Since 1996 Volume XXI
Laura Madeline Wiseman
To help us let go of our dead,
all the morticians dress in suits
for the business of paperwork:
death certificates, plots, and permits.
You can reach one always by phone.
In ties and wingtips, they move slowly.
Hands cup coffee or lift cigarettes
in the break-room, but fold before them
as they speak of small things like the weather.
These men laugh and offer witticisms
with a softness around their mouths.
Their eyes hold yours, but glance away
to the thick carpet if you do.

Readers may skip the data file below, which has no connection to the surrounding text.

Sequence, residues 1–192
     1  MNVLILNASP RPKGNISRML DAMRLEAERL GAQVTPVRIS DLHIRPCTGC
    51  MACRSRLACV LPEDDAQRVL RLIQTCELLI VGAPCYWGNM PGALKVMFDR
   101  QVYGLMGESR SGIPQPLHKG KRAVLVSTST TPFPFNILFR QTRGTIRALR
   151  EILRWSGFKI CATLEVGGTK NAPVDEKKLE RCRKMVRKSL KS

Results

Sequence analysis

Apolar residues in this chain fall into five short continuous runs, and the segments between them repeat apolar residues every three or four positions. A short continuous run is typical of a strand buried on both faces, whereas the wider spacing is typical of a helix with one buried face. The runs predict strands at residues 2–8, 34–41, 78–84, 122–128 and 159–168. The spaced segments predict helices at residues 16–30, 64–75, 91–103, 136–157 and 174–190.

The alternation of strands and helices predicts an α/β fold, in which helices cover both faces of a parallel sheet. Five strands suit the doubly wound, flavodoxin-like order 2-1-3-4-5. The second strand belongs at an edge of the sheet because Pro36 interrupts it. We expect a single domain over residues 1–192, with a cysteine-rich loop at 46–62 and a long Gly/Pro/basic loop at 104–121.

The low tones and slight shake
of the director’s voice can be heard
as he cradles the landline phone
to tell someone of today’s service.
Whenever they receive a call, one leaves
the room to listen to what is required
of him. He bows his head and murmurs,
Yes, I can be there shortly.
During a visitation they escort to chairs,
they open doors, and they stand still,
feet and posture resigned
near the entrance of the funeral home.
After funerals, they shake hands.
With lips pressed together in a line
and wrinkles around their eyes,
they meet your gaze and nod.
These are the ones you want near you
when your world has shrunken
to a catch in your throat, the bend
of your head and shoulders as you feel
the damp corners of a tissue tremble.
Some Fatal Effects of Curiosity and Disobedience